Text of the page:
More parks, ponds, unicycling, baking, kite-flying, drawing, eating, and swinging were in order. A few unicycling mishaps added some chaos, but the splendor of the cherry tree made up for it. Let's explain in pictures:
|Exploring the pond
|Trying to catch small fish in bottles. The boys in Kyrgyzstan made it look so easy.
|One of the elaborate tents the kids built for their games of House
|Pizza! Hamburger and pineapple.
|Pizza picnic with all the cousins.
|Guess what's for dessert?
|Now that's a s'more!
|Kites on the river bank.
|The fishing poles proved useful on multiple fronts - for fishing as well as kiting and even for retrieving a frisbee-aerobie that had disappeared over the neighbor's fence.
|My unicycling shadow
|Tanya and Misha
At this point, Tanya fell off her uni in such a way that she broke her 5th metacarpal. Most unfortunate! While she and I were at the doctor getting it x-rayed, Misha barreled head-first into one of the support-beams in their basement while practicing on his uni. Luckily, Aaron managed to bandage it up, saying there was no concussion and most likely no need for stitches. By the time we got home, Misha was asking me if he could unicycle again, but I told him we should wait until the blood stopped oozing out. These incidents were rather ironic, considering that we tell people all the time how safe unicycling is.
|The perfect flan.
|Weeding and admiring
|Hot dog picnic!
|Tanya doing well making s'mores despite turning into the Borg.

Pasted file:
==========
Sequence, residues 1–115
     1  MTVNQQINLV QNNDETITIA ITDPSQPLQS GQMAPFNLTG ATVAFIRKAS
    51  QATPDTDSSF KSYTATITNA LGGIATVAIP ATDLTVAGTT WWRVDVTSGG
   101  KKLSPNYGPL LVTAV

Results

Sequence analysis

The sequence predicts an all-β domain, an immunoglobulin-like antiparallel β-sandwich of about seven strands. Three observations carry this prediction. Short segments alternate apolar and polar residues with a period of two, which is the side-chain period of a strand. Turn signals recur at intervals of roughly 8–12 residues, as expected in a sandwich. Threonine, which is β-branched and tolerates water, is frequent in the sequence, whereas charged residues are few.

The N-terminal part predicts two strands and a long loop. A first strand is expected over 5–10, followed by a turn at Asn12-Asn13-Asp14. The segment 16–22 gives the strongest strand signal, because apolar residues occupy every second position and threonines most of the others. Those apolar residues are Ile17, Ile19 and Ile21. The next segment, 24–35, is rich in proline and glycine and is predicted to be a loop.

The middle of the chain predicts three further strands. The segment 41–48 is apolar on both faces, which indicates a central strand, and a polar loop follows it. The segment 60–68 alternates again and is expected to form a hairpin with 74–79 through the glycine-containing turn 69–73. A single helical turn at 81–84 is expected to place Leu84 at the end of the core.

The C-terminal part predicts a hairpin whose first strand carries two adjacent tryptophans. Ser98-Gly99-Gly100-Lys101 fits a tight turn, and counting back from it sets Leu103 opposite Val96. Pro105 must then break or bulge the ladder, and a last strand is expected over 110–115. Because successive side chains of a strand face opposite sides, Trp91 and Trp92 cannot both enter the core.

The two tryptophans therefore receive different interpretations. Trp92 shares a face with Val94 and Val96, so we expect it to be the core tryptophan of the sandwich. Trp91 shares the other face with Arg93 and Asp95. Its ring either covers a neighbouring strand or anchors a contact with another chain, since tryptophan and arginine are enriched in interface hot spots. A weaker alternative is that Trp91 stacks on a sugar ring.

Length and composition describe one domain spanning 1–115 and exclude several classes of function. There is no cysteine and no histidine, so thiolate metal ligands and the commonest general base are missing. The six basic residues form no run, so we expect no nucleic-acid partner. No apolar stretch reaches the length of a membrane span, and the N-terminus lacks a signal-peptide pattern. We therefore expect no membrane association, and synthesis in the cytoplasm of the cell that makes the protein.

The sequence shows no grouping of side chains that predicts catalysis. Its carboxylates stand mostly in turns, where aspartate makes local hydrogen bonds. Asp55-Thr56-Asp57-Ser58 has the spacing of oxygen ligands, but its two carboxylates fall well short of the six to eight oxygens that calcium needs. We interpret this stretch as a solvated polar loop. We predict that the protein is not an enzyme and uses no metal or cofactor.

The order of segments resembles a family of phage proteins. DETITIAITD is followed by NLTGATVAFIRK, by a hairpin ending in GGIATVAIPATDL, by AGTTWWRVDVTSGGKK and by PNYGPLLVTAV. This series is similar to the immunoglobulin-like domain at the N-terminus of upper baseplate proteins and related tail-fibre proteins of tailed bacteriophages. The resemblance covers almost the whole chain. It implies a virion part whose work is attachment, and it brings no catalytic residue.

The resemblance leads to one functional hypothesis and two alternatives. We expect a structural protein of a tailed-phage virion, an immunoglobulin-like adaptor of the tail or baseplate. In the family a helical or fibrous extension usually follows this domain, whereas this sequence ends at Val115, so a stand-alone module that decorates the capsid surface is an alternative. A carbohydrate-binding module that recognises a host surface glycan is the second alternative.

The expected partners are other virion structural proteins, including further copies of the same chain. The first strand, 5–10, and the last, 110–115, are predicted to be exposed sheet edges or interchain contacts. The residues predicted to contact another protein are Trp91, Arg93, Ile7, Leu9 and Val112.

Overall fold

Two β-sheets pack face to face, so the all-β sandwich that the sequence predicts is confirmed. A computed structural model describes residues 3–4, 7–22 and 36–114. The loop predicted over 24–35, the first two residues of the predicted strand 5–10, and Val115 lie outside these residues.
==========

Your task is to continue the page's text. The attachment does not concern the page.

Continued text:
|Sebby at the fire pit!
|Aaron tests out his Muni, in work clothes no less.
|Misha making major progress in riding by himself!
Considering he just got this small new uni in mid July, Misha was thrilled that two weeks later he could do this:
|When you get a push from Sebby, this is what happens.
|And when you get a push from Aaron, this is what you get.
The cherry tree provided us with the perfect day. We had noticed that Tanya's elderly neighbor had a solitary, beautiful cherry tree in her front yard with vibrant fruit that no one had shown an interest in picking. So we asked her, might we pick them? When, to our delight, she agreed, we gave each kid a bucket, and Tanya and I joined in to pick the high-up cherries. They were perfectly ripe, so shiny and red it left one wondering if they were even real. Since it was just one tree, we had it picked clean fairly quickly. Onto the pitting, which left pools of dark juice on plates, hands, and tables. And then ... onto the baking!
Then all too soon it was off to Brookings for a final weekend before flying back to Houston!